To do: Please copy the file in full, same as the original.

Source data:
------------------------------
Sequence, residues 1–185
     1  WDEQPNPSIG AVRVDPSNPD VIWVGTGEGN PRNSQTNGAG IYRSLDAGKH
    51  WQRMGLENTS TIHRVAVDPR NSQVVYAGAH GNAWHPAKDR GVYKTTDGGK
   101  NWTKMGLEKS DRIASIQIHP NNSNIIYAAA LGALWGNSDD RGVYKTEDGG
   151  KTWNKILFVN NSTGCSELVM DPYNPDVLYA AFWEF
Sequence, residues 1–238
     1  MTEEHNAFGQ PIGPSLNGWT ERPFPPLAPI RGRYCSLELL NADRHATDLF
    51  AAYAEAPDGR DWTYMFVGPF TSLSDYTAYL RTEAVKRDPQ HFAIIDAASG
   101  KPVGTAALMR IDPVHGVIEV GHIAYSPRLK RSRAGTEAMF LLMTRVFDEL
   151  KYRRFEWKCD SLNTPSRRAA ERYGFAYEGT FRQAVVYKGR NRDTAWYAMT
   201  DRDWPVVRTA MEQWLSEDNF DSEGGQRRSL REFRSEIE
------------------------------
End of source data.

Sequence, residues 1–185
     1  WDEQPNPSIG AVRVDPSNPD VIWVGTGEGN PRNSQTNGAG IYRSLDAGKH
    51  WQRMGLENTS TIHRVAVDPR NSQVVYAGAH GNAWHPAKDR GVYKTTDGGK
   101  NWTKMGLEKS DRIASIQIHP NNSNIIYAAA LGALWGNSDD RGVYKTEDGG
   151  KTWNKILFVN NSTGCSELVM DPYNPDVLYA AFWEF
Sequence, residues 1–238
     1  MTEEHNAFGQ PIGPSLNGWT ERPFPPLAPI RGRYCSLELL NADRHATDLF
    51  AAYAEAPDGR DWTYMFVGPF TSLSDYTAYL RTEAVKRDPQ HFAIIDAASG
   101  KPVGTAALMR IDPVHGVIEV GHIAYSPRLK RSRAGTEAMF LLMTRVFDEL
   151  KYRRFEWKCD SLNTPSRRAA ERYGFAYEGT FRQAVVYKGR NRDTAWYAMT
   201  DRDWPVVRTA MEQWLSEDNF DSEGGQRRSL REFRSEIE